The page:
You see the teak, the sails, the adventure it promises. What does your dog see when they board your boat? Maybe it’s time to look at your boat through your dog’s eyes.
A Boat Is A Strange Home For Your Dog
Your dog has spent his entire life in your dirt house. Or maybe he spent a little time in a shelter.
Now you’re moving on board your boat. How strange must it be to your dog?
Instead of walking up the steps and into the door, your dog may have to leap over the water to board your boat.
And what if your vessel is on a mooring ball or at anchor. Is your dog prepared for a wet dinghy ride? And how will she get from the dinghy to your boat? Especially if your boat has a high freeboard.
Some sailors find halyards clanking against the mast a major annoyance. But if your ears are as sensitive as a dog’s, it could be torture.
Moving around on board
A sailboat is like a floating agility course.
A dog needs more hind leg awareness on a boat than anywhere else outside an obstacle course. And let’s not forget that non-skid surfaces are only non-skid for shoes, not for paws.
We all know how much more sensitive dogs are to scents than humans. But somehow, we don’t often think about how our smelly world affects our dogs.
If you find the smell of diesel unpleasant, is it worse for your dog?
So many things must be strange to our dogs on board. And they don’t have the mental ability to understand it that we do.
So what’s the answer?
Look At The Boat Through Your Dog’s Eyes
To understand how best to help your dog become accustomed to boat life, look at your vessel through their eyes.
You may discover issues that you can address before they become a problem for your dog.
Here are some things to try:
Find the slippery spots
Will your dog feel secure walking around all areas of your boat? Or are there places where they might slip or feel insecure.
Put on a pair of your most slippery socks. Then try the following:
- enter your dinghy from the boat
- return to the boat from your dinghy
- go down the companionway steps
- walk around the cabin sole
- jump up onto your v-berth or settees
- jump up onto your cockpit cushions
How did it go? Did you slip and slide?
When we moved onboard, we observed our dog slipping on our dinghy floor, when jumping onto the cockpit cushions, and when jumping off our very high v-berth.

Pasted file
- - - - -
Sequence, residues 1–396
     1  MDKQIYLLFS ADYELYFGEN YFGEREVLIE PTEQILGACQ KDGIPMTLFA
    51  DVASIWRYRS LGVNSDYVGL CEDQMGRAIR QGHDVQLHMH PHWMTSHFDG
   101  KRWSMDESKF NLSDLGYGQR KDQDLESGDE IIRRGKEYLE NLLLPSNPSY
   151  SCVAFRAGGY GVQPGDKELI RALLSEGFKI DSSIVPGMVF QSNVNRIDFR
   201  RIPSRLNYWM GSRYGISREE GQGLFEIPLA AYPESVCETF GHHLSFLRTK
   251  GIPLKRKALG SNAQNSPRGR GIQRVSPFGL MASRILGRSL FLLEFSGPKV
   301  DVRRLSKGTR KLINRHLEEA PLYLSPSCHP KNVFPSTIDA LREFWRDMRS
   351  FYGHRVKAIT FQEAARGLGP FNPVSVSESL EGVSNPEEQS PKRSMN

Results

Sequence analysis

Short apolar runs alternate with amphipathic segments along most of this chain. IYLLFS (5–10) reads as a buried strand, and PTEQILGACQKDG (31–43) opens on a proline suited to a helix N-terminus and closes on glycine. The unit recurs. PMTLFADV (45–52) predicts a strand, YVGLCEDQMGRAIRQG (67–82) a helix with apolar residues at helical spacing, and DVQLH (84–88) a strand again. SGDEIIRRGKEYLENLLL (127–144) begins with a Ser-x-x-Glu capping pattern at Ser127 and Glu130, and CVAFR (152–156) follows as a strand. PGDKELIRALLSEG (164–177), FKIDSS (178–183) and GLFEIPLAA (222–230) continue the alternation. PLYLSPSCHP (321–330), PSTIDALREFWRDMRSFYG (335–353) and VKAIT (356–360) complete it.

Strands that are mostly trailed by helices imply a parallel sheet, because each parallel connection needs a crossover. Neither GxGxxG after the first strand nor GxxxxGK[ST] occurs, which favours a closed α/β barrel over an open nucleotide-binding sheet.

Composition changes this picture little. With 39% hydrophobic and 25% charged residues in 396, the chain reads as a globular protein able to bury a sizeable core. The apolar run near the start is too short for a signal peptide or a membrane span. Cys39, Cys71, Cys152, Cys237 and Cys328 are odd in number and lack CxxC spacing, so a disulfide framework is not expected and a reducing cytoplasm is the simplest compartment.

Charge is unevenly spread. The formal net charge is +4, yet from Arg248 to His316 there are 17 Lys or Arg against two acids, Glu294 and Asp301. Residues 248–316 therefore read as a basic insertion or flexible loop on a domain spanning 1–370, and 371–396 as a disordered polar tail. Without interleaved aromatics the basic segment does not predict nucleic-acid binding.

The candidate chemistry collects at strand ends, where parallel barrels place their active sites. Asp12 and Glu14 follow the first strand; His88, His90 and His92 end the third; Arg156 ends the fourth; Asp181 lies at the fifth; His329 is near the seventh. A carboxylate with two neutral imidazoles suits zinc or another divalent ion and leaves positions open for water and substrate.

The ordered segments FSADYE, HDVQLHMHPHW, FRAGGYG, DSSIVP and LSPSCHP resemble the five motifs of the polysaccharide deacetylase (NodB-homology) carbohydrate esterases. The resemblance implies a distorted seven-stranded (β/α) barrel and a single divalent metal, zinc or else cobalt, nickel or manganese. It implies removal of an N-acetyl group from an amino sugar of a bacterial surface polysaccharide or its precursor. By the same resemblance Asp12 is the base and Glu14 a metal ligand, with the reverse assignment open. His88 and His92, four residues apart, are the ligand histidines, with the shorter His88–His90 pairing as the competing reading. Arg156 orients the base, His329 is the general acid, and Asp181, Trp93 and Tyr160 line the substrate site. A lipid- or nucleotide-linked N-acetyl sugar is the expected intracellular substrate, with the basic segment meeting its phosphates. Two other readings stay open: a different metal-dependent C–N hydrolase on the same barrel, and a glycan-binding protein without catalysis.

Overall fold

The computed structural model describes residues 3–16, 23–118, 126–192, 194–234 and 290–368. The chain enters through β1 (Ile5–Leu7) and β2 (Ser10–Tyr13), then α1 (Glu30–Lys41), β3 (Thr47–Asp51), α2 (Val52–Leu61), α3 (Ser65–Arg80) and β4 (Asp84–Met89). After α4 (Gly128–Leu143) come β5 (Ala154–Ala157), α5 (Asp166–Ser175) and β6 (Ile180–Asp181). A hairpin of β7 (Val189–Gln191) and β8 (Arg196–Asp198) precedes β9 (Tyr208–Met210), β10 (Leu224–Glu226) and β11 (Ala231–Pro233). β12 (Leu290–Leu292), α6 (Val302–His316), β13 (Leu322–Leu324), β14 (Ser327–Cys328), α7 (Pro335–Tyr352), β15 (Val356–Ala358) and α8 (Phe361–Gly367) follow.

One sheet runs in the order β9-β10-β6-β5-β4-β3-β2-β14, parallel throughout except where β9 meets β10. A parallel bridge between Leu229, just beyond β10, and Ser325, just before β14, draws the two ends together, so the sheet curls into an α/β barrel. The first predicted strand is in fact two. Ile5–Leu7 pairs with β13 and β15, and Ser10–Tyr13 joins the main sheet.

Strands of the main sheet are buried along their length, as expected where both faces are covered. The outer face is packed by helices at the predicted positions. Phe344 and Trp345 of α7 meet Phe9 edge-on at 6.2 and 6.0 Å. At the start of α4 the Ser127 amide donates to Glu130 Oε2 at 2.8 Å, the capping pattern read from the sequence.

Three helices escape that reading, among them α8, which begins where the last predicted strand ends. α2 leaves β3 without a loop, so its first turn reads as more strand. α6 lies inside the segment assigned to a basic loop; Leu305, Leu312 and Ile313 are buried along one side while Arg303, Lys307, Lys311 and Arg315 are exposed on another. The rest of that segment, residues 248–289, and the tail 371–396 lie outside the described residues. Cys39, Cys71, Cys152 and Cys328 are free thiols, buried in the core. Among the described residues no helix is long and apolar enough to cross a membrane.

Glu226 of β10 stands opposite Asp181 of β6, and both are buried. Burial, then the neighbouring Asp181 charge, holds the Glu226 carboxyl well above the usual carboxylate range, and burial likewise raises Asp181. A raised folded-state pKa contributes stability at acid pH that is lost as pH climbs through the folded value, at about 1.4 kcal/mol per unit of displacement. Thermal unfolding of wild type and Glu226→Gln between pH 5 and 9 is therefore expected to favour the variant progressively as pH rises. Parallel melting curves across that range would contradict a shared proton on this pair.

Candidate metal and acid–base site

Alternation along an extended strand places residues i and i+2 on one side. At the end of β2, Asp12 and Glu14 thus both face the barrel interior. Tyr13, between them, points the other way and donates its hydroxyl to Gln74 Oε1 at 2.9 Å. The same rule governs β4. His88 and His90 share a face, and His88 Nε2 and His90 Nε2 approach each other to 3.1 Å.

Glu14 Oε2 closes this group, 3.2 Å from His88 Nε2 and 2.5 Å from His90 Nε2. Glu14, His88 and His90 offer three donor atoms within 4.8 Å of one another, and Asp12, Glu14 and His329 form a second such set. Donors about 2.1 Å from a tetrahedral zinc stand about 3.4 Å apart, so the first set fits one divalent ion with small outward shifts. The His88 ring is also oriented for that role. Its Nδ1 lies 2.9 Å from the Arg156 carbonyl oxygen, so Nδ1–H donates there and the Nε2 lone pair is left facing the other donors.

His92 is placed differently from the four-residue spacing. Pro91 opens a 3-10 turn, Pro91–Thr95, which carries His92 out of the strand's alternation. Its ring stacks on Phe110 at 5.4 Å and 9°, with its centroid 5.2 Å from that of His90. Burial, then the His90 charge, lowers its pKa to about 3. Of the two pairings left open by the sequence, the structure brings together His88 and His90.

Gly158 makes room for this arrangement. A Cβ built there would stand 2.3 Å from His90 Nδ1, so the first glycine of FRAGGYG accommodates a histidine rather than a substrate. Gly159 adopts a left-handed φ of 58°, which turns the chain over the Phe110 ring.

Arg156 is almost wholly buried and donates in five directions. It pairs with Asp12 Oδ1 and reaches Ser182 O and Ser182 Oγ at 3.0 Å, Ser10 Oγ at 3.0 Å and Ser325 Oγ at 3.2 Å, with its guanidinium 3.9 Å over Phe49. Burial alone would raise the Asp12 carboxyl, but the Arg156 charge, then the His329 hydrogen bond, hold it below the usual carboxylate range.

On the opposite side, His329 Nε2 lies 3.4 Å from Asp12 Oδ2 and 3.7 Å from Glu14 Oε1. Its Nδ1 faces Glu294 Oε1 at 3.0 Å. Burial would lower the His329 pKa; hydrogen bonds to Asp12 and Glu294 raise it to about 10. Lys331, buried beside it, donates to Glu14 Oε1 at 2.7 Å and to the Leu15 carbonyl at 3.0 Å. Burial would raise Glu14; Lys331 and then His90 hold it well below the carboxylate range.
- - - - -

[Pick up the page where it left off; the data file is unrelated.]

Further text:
Solutions: Groom your dog’s paws. Too-long nails or fur growing out between the pads can cause your dog to slide. Put rubber mats on the floor of your dinghy. And use velcro or some kind of tie to attach your cockpit cushions so they don’t slide around underfoot.
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Listen for noises
If you’re a real overachiever or perhaps a podcaster with some sound equipment, the best way to find noises that might frighten or irritate your dog is by plugging a sound meter (Amazon) into a microphone (Amazon).
But just paying attention to higher-pitched sounds will help.
Some people believe that the reason many dogs don’t like walking in the rain is that the sound bothers their ears. With a wider range of hearing than humans (humans hear sounds between 65 – 23,000 Hz while dogs hear sounds between 67 – 45,000 Hz), even the sound of rain may affect your dog more than it bothers you.
So listen carefully. Put your head close to your electronics. Do they emit any high pitches? How about your halyards? Put your ear right against the mast. How do you feel when you hear the sharp oil pressure alarm when you turn the key to your engine?
Our dog Honey is a pretty stoic dog. It takes a lot for her to complain or show signs of pain. But we’ve still made a few adjustments to her hearing sensitivity.
Solutions: Turn off electronic instruments when you’re not using them. When you stop traveling, tie your halyards far away from the mast. Assorted bungee cords (Amazon) are an easy solution. But we’ve always tied our halyard out with stray lines.
You can buy compression hoodies (Amazon) that some dogs find comforting around loud noises like fireworks or thunder. But since Honey doesn’t mind most loud noises, I’ve relied on covering her ears with my hands when we start the engine.
Walk like a dog
Do you wonder why your dog won’t just walk down your companionway stairs? Have you ever looked at it from their point of view?
Get on your knees in the cockpit. Now lean over the bridge deck to put your front hands on the top step. If you dare, try to go down the whole way headfirst.
Most dogs have less trouble doing up than doing down. And if you try to do that on all fours, you’ll see why.
Do you want to lift your dog in and out of your boat cabin every day? No?
Well, then it’s time to look for some ways to help them get up and down.
Solutions: Look for ways to adjust the steepness of your companionway stairs. Use a ramp. Or extend the steps with an insert board to decrease the pitch. And don’t forget to make treads non-skid–for a dog.
Follow your nose
A boat contains a myriad of smells–from chemicals to mildew to cooking food. But your dog may find the things you use to cover up those smells even more objectionable. Or even dangerous.
Keeping your boat clean and free of smells is good for both you and your dog. And the planet.
Look At Your Boat Like Your Dog Does
It’s tempting to think that your dog will love the boat as much as you do. But you can make your dog’s first time on the boat a success by planning ahead.
The first step? Look at your boat through your dog’s eyes (and nose, and feet). It will give you the information you need to make the boat a happy place for him too.